When I was at the University of Auckland I wrote a Masters dissertation on the Treaty negotiations between the Crown and Tainui and went into it with a healthy degree of scepticism. Despite being suspicious that it was yet another effort by 'the man' to rip off some disaffected locals I was surprised to find that Doug Graham and his delegated team were actually trying to make progress against the kinds of injustices being increasingly uncovered by the Waitangi Tribunal.
Sure, whenever you get a bunch of well-meaning bureaucrats around a table together you're always going to get some pompous do-gooders trying to run the show, but at least there was actually some traction made and systems were laid in place to solve the social time bomb that was Maori grievance.
Having put that Masters to good use and gone to work as a dispatcher for Auckland Co-op taxis, I eventually escaped and made it to Melbourne uni. Now I'm in the final throes of building on that dissertation with a comparative study of Australian Aboriginal-'Ocker' interaction. It's harrowing stuff.
I've been following the debates ever since Brash 'that' speech and it's been interesting to see that all too often people supposedly 'in the know' don't seem to have any idea what in hell they're talking about. Maybe it's a proximity thing, from over here the conservative arguments can seem pretty petty.
So, I was reading Russell Brown's recent post where he asked for contributions about Treaty Obligations (Knowing what we believe, May 11, 2004 12:09) and thought I'd send him a wee opinion piece. Much to my surprise he accepted! It's a little like being asked to speak on Holmes or something. But without the golliwog. And, like a Holmes show there's always a few key points that the mass-media debaters seem to miss or overlook.
The most important thing is that the Treaty has always been a reference point for whatever opinion the contemporary commentator, whoever they are, wants to present. Conservatives will usually talk of the Treaty in reference to Hobson and state, "we're all New Zealanders". Liberals, or what conservatives these days like to call "the left", will usually talk of the Treaty as a means to justify minority rights for Maori. Consequently, the Treaty tends to end up meaning whatever the hell you want it to, which is a very tricky thing.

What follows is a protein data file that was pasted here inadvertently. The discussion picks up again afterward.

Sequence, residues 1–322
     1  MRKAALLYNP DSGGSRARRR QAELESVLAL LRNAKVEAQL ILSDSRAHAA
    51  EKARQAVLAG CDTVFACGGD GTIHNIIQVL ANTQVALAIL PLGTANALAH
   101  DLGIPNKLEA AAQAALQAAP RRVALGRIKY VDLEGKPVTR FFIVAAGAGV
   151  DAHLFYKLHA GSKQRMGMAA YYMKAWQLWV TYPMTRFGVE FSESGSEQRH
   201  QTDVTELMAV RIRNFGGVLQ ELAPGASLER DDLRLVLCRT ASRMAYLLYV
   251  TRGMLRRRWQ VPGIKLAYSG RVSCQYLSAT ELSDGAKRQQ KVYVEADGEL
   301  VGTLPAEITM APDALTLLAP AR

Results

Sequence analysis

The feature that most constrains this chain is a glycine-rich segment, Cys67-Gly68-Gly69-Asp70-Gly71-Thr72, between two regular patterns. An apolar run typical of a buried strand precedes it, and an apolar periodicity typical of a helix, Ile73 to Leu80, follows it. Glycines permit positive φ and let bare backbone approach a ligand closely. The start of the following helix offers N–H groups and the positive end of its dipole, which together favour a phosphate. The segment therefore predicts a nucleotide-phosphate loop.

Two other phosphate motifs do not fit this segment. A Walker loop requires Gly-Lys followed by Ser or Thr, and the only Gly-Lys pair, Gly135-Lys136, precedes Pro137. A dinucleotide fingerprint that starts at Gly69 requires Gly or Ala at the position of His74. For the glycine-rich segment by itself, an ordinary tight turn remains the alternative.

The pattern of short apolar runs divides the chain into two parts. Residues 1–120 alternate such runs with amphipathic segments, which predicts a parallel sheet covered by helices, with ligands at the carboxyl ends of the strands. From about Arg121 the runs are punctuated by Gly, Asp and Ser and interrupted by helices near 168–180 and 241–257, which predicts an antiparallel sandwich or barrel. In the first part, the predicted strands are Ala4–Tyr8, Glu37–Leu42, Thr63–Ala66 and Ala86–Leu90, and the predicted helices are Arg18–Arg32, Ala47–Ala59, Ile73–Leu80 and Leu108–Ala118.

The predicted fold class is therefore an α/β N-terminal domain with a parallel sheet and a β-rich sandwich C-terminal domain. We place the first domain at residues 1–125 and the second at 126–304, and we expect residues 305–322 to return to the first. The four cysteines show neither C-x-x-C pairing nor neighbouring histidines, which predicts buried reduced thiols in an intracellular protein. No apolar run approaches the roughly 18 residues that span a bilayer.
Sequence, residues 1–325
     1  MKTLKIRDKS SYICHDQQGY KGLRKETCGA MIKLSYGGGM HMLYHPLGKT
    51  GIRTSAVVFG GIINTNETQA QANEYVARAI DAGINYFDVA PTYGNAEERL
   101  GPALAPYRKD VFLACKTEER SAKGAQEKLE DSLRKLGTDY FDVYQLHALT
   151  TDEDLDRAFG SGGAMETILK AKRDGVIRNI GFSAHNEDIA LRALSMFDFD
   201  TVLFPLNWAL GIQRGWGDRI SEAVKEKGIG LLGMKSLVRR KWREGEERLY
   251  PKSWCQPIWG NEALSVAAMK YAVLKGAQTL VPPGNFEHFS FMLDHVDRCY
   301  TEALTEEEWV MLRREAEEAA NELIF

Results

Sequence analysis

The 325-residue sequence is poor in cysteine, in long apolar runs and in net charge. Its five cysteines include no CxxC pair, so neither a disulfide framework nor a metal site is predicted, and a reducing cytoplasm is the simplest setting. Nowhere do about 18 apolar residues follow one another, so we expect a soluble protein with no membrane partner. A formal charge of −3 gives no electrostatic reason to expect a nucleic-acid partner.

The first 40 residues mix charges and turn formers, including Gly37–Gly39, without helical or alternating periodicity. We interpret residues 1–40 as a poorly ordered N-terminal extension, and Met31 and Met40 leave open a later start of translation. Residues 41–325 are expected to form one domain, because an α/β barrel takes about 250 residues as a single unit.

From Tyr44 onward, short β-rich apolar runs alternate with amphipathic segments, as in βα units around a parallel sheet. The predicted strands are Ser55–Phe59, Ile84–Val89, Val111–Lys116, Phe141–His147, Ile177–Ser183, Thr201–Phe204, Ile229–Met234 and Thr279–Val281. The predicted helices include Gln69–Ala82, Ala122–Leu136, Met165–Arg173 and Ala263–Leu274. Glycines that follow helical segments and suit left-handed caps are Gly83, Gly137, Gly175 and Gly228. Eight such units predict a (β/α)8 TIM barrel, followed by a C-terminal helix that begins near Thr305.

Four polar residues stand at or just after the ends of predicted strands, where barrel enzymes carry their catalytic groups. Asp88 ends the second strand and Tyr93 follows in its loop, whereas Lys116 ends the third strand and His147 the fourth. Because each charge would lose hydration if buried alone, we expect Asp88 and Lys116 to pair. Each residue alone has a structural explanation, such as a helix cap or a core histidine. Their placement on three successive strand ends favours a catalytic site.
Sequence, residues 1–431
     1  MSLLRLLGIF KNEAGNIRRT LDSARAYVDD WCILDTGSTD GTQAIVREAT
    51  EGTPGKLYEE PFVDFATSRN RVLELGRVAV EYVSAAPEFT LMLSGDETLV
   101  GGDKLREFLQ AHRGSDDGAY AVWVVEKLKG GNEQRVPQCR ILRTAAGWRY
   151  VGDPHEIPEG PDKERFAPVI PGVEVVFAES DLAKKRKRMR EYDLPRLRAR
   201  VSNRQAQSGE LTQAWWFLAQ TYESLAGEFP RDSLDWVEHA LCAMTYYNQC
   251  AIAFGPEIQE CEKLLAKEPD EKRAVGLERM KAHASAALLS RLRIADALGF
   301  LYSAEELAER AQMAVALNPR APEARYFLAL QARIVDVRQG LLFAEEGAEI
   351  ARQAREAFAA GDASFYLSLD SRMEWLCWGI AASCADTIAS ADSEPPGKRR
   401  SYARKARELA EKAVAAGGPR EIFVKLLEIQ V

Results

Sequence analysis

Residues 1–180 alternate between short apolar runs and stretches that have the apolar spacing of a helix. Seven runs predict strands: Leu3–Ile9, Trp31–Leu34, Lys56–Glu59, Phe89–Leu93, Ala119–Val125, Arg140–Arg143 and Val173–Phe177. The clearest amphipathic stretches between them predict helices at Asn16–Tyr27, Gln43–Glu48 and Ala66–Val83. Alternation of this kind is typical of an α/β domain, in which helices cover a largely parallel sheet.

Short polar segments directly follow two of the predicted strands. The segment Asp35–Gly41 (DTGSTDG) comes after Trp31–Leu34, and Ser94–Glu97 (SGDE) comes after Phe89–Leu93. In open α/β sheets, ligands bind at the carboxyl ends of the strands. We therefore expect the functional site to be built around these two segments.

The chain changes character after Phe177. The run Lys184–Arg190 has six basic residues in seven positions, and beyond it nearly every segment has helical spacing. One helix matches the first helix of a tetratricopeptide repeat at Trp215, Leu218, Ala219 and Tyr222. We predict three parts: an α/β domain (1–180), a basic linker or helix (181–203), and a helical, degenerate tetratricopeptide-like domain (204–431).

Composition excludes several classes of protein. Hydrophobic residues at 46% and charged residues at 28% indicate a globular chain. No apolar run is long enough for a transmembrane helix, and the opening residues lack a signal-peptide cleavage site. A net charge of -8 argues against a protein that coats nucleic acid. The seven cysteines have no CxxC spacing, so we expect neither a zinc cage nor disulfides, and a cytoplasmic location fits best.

I've noticed during that there are good reasons for making a utility out of the Treaty though, and the reasons are very, very telling about the kind of future New Zealand these people see themselves living in. Essentially, it all boils down to a much maligned and misunderstood ideology called nationalism.
Nationalism is the idea that you can influence or direct the cultural and ethnic composition of a states citizenry, and is set in train by a process called nation-building. What nationalism is not all about is ethnic cleansing or fascism, they're both called ethnic chauvinism, which is another kettle of fish altogether.
What you need to remember there is that nation-building is all about influencing the cultural 'feel' of a states citizens, because that leads us to my next point.
When Phillip Temple refers to the Treaty and us all being New Zealand citizens from the outset he's missing the very important fact that in 1840 there were no British citizens. There were subjects. Democracy only became a reality as franchise was opened to working class men, and subsequently women, in the late nineteen and early twentieth century. He's also missing the important fact that being a citizen doesn't mean you're actually part of a national society Saying "I'm a kee-wee" in an American accent is guaranteed to get a few smirks.
In plain English what the Treaty offered Maori was inclusion as subjects of the Crown, with a guarantee of equality to other subjects (Article Three). When British subjects resident in New Zealand eventually became 'real' citizens Maori were brought along by default. There's a good book on the topic in relation to Australia by Alastair Davidson called "From Subject to Citizen", and is part of a growing literature on the matter. The inference you can draw from this is that Maori have the social obligations of all other New Zealanders.
I agree then with Phillip that Maori have obligations to the government and the country as New Zealand citizens. But no one with any credibility would argue they don't. The fact that something like the hikoi takes Maori demands to Parliament shows that they're politically engaged with the state.